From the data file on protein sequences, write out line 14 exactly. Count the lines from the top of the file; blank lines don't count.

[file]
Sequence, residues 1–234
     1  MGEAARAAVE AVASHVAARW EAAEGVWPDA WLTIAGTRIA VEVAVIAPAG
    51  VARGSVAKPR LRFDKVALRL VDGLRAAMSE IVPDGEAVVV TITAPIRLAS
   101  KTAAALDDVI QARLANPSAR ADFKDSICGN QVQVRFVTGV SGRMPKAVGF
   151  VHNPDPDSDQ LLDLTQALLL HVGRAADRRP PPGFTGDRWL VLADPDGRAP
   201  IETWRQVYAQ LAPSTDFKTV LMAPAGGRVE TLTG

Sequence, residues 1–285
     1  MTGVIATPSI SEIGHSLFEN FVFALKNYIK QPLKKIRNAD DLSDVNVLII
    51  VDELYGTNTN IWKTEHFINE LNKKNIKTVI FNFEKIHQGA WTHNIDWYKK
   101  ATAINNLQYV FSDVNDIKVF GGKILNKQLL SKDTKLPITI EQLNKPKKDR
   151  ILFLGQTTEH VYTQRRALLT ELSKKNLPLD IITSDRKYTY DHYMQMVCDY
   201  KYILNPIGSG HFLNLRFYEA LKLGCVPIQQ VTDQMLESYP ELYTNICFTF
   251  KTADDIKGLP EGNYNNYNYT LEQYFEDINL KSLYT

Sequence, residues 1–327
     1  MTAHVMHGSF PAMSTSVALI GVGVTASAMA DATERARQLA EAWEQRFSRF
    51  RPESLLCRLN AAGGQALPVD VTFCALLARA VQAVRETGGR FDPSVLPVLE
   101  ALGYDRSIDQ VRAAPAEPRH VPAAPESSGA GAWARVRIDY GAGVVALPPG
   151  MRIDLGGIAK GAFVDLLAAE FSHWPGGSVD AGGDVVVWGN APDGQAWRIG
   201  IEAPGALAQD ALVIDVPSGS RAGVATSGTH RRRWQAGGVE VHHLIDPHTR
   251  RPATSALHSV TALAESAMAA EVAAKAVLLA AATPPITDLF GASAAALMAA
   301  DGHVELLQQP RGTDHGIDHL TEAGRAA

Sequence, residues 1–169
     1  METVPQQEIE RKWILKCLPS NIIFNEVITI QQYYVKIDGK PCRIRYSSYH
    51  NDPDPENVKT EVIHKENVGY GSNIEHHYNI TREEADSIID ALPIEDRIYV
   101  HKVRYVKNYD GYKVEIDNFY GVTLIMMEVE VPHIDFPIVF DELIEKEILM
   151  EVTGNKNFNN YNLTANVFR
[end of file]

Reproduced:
Sequence, residues 1–327